Digital accessibility: best practice essentials

Overview

Learn about making your content more accessible such as using plain English, adding alt text and video captions and checking colour contrast. Accessibility is not a project, it is something all government communicators need to consider during all aspects and stages of their work.

Details

  • audience: all government communicators
  • level: introductory
  • presenter: Stephanie Hill, Digital Content Producer, Professional Standards team, Government Communication Service, Cabinet Office

Watch the webinar

This recording is simulated live, you will be asked for your name and email.

Digital accessibility: best practice essentials. 

My name is Stephanie Hill and I’m a digital content producer for the professional standards team in Cabinet Office communications, and I’m going to cover the essentials for digital accessibility.

I want to start with a thank you for attending this session, and ask you to think, while you’re listening to the presentation, about your motivation for attending it. What is the reason you’re sitting here right now? Just think for a moment and write it down for yourself. How valuable is it for you to know about digital accessibility? Think of the action you will take following this presentation.

Setting the scene.

Accessibility means more than putting things online. It is the idea that technology must be equally accessible by people with, and without, disabilities, and that any barriers for accessing the web are removed.  

Let’s set the scene. A woman in her 40s is visually impaired and cannot use her right arm and right hand very well. How does she serve the web? It’s not easy but she does.  In fact, she does it every day: to get the news headlines, to check the weather or email her children. She’s browsing online and spots new products she’s interested to buy, but a call to action buttons are too small, the website does not have a responsive design, so she cannot make the text bigger. Frustrated she stops and won’t buy anything at that time.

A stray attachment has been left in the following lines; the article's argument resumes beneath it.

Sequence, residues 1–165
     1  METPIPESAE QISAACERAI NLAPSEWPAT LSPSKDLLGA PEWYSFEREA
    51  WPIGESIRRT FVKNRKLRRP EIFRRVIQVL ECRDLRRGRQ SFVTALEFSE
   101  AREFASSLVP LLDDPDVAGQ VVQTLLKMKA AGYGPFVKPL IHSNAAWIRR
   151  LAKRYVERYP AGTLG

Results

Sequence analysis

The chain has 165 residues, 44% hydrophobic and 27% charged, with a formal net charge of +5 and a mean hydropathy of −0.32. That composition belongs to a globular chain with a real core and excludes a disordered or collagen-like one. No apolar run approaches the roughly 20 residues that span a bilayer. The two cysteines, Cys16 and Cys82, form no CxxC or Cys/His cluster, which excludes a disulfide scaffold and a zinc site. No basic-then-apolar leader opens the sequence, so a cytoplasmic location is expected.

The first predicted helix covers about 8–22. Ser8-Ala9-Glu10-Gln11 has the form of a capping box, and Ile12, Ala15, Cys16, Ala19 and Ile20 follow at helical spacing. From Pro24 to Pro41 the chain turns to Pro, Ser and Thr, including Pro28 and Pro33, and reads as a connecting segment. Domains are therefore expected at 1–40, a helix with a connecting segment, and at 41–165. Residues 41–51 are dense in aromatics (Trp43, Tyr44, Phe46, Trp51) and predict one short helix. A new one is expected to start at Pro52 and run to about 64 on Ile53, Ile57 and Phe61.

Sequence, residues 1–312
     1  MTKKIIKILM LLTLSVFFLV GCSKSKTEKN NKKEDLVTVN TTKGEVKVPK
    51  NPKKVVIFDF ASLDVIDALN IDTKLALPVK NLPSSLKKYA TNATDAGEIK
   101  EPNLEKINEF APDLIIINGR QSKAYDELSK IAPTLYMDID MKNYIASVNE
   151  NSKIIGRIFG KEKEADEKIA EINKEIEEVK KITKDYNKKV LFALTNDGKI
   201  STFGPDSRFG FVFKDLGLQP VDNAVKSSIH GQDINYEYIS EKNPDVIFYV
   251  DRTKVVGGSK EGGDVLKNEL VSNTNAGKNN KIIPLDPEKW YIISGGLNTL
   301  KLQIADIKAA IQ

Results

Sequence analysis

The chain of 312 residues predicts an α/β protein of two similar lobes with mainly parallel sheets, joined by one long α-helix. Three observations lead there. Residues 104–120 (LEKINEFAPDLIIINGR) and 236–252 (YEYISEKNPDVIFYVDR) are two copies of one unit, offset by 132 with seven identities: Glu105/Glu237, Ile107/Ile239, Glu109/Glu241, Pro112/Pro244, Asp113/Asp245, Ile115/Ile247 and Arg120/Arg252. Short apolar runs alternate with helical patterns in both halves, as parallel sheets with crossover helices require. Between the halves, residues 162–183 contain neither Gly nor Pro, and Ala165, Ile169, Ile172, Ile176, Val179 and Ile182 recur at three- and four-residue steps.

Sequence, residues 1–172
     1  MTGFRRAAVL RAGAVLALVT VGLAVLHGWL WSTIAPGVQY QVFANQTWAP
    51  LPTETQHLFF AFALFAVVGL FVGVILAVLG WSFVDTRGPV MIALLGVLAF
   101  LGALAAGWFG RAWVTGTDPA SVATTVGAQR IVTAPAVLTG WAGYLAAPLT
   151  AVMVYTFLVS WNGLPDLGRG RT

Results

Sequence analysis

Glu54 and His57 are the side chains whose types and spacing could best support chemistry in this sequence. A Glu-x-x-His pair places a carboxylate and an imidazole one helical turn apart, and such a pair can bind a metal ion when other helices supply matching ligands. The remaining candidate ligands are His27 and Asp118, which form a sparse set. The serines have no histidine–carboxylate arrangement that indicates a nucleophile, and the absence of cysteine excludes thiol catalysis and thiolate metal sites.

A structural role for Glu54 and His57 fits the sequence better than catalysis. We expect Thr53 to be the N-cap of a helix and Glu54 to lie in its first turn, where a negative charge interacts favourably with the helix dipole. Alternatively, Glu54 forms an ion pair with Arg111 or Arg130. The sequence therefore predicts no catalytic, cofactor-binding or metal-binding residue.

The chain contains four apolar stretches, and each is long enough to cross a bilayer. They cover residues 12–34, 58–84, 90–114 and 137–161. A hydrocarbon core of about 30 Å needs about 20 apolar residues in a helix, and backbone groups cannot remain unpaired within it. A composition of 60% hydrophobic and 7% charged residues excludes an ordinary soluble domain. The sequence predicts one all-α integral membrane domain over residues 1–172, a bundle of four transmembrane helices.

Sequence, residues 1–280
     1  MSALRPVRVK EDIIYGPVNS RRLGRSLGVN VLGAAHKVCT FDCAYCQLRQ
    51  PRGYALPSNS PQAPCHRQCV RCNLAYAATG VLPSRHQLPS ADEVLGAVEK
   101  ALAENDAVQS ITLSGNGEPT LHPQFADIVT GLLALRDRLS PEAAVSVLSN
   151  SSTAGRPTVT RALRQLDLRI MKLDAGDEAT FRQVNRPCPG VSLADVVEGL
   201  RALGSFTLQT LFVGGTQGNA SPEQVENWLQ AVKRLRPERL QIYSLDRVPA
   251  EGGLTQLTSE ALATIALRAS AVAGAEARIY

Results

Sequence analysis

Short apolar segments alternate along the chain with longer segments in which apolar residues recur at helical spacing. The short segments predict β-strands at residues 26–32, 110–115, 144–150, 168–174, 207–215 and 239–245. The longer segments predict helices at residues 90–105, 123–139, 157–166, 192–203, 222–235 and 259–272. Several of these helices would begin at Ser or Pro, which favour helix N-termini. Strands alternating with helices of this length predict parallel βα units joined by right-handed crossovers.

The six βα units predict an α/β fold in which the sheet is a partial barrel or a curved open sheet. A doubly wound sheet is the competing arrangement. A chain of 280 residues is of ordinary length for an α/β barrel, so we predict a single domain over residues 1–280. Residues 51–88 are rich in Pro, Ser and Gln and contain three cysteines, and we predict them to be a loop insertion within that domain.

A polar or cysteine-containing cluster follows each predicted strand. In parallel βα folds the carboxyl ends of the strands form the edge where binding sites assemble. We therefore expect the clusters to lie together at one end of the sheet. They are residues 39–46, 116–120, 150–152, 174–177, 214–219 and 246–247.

This is one of the reasons I care, for people who struggle online and I’ve always been interested in digital accessibility.

So let’s look at the context. I’m going to tell you why change the way you work in regard to accessibility? Why now? Why our industry? And why spend money to save money?

So why change the way you work?

Why plan and publish accessible content? No one wants to change the way they work. We’ve always done it that way, why spend money making a PDF accessible? Or spend money getting a video transcribed? The answer is because it is a legal requirement.  

We need to comply with the accessibility regulations. To give it its full title: they are called the public sector bodies website and mobile applications accessibility regulations 2018. It aims to ensure public sector websites are accessible to all users, especially those with disabilities.

Why now?

The deadline to make your website or public sector website accessible has passed. The 20th September 2020, but you have a legal requirement to make your online service, your online information available in an easy way and everyone will benefit.

Note that apps will need to meet the regulations from the 23rd of June 2021.

Why our industry? 

People may not have a choice when using a public sector website or mobile app, so it’s important they work for everyone. This includes people with sight loss, hearing loss, cognitive impairments or learning difficulties and motor difficulties.

According to the charity Scope at least 1 in 5 people have a long-term unless an impairment or a disability, in the UK, so potentially your communication is not reaching 1 in 5 people and they are missing out on information you want them to know, and any action they need to do.

Our industry is at the heart of people’s life. Government communication aims to support the minister priorities and enable effective operations of public services  

Why spend the money?